Workplace Office Makeover: Updated ideas, trends
There is no cookie cutter solution to furnishing an office.
Every company and office space is different, according to Mike Warren, workplace culture consultant for Rieke Office Interiors (ROI) of Elgin. So choosing furniture needs to be done on a case-by-case basis.
But there are some trends that should be kept in mind.
"Most businesses today want to provide team members with a combination of collaborative space and quiet work stations," Warren said. "Those work spaces now feature flat panel monitors and multiple screens. So, instead of the old work surfaces that were 30 to 36 inches deep, we design them to be, on average, 20 to 24 inches deep with monitor arms that can be moved around at will and can accommodate laptops and iPads."
Communication is also taken into consideration.
"The walls around individual spaces have also changed. They are now an average of 48 inches high instead of the old 66 to 72 inches high because today it is important to be able to stand up and collaborate with your neighbor," he continued.
And private offices are not disappearing as quickly as you might think, Warren stated. "Most small and medium-sized companies still have them and if they don't, they are replacing those offices with private rooms for sensitive phone calls and small meeting rooms where employees can meet with vendors and customers.
No matter the type of work they are doing, today's workers know that it is healthier to stand up at least part of each day. So companies are incorporating many more standing workspaces, Warren said. And those who can, are offering employees powered work spaces which move up and down, depending on whether the worker wants to sit or stand at any given time.
"The most cost-effective way to offer this to employees is to create a flat surface on top of a divider that can double as a work space," he stated.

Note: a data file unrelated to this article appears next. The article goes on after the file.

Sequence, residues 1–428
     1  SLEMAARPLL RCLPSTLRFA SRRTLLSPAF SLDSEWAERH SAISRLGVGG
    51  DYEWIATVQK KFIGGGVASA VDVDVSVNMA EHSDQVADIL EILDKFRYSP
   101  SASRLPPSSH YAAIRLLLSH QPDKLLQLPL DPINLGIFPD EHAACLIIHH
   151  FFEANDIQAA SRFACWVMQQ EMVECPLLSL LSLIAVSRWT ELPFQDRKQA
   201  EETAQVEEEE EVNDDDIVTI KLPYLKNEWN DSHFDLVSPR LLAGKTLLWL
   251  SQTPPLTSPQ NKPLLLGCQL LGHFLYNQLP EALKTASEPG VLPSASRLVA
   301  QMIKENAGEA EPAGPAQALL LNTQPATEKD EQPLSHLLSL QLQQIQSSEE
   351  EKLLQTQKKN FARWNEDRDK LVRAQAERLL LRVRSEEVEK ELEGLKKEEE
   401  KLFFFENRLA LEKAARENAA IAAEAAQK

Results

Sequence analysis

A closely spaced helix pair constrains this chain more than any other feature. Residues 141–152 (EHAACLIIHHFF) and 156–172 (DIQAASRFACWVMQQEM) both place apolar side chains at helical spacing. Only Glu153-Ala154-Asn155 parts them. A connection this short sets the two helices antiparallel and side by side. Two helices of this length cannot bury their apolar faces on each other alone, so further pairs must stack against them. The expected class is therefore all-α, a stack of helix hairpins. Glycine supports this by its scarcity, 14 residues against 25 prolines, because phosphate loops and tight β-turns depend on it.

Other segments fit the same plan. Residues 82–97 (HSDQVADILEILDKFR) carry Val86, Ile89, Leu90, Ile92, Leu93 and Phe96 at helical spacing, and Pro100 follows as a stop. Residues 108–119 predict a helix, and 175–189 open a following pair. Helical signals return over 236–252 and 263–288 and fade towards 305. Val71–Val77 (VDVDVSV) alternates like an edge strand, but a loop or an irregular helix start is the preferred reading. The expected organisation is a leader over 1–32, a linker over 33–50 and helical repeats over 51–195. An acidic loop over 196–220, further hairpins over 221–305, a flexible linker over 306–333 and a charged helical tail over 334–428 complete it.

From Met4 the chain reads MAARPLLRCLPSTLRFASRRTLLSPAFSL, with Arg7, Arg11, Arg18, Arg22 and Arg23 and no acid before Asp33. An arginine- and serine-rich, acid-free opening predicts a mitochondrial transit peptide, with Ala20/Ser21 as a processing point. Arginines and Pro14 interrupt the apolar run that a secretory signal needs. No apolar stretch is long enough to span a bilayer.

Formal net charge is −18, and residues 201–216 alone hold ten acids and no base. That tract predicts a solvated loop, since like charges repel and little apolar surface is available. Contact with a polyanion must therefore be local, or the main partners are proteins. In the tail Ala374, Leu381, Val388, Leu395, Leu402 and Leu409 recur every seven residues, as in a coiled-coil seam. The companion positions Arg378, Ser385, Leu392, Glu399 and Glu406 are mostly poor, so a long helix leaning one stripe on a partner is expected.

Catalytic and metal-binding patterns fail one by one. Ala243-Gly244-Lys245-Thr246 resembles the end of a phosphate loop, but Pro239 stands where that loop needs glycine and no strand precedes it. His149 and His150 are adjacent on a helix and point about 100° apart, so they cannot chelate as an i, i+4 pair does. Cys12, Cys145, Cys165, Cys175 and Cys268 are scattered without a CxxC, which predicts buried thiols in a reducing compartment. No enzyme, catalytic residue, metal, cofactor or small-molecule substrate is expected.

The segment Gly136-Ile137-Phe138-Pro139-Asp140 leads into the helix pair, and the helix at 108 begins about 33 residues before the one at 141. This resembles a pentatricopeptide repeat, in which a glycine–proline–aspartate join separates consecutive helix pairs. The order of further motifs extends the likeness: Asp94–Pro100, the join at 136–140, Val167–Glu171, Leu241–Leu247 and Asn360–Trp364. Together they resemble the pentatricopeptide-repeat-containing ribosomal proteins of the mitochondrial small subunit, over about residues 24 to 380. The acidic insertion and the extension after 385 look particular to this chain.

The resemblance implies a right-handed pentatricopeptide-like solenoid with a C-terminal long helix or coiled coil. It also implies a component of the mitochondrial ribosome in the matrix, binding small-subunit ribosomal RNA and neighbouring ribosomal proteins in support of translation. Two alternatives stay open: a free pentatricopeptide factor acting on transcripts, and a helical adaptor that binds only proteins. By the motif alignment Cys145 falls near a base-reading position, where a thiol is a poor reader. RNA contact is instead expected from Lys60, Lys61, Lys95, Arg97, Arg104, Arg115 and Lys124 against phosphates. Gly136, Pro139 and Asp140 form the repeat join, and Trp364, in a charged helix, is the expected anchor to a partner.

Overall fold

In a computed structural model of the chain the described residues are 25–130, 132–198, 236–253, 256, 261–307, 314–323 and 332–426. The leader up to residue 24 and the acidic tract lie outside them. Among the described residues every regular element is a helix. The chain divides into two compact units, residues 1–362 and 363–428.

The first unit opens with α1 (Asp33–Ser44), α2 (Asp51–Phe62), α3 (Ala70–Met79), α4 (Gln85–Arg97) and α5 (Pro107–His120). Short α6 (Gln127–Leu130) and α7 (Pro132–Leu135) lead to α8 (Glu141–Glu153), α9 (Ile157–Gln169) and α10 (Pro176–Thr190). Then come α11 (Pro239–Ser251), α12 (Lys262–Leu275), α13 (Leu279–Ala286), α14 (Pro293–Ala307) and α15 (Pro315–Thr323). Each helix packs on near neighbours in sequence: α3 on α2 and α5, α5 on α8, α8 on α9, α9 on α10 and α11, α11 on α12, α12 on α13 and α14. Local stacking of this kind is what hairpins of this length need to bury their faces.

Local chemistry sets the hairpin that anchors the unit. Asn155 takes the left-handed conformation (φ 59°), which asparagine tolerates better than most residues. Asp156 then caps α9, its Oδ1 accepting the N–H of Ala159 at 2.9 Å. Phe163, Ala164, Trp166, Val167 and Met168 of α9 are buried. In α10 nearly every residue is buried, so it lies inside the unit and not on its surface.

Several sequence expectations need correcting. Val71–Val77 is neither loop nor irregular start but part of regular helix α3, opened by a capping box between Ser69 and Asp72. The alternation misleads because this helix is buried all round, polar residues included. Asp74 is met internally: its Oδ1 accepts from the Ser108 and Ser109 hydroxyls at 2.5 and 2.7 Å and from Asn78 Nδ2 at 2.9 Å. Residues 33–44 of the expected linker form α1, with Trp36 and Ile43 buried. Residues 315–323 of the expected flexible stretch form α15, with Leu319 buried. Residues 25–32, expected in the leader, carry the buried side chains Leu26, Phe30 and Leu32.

Many firms are also changing the look of their break rooms, choosing to pursue the look of a Panera or Starbuck's with soft seating areas and standing height pub tables to give employees a choice when they enjoy their lunch or break.
"In a large office, however, team members may not want to walk all the way to the break room for a quick snack or drink. Today's equivalent of the old water cooler where employees met and socialized for years is now being replaced by a small area within the collaborative work area where they can find a small refrigerator filled with beverages, a coffee machine and even dispensers for cereal and candy," Warren said.
The board room in most companies is also in transition because companies can't afford to devote a large room to a group that seldom meets, according to Warren.
"Today these rooms are doubling as training or collaboration rooms and are also used for meetings with clients. They often feature soft seating for collaboration and segmented tables that can be reconfigured for different needs from classroom-style training sessions to small group collaboration to large, formal meetings.
"To meet these multiple purposes, these large meeting rooms now often include white board tables, televisions and technology, as well as white boards and chalk boards, on the walls," he continued.
Even the reception area of companies is being re-imagined.
"The person who is greeting people generally has other jobs, too, so their workspace must be able to accommodate multiple roles like processing payables or sorting mail," Warren explained. "But if there is no one actually sitting at the door, many companies are choosing a kiosk approach featuring technology which allows visitors to interact with the people inside."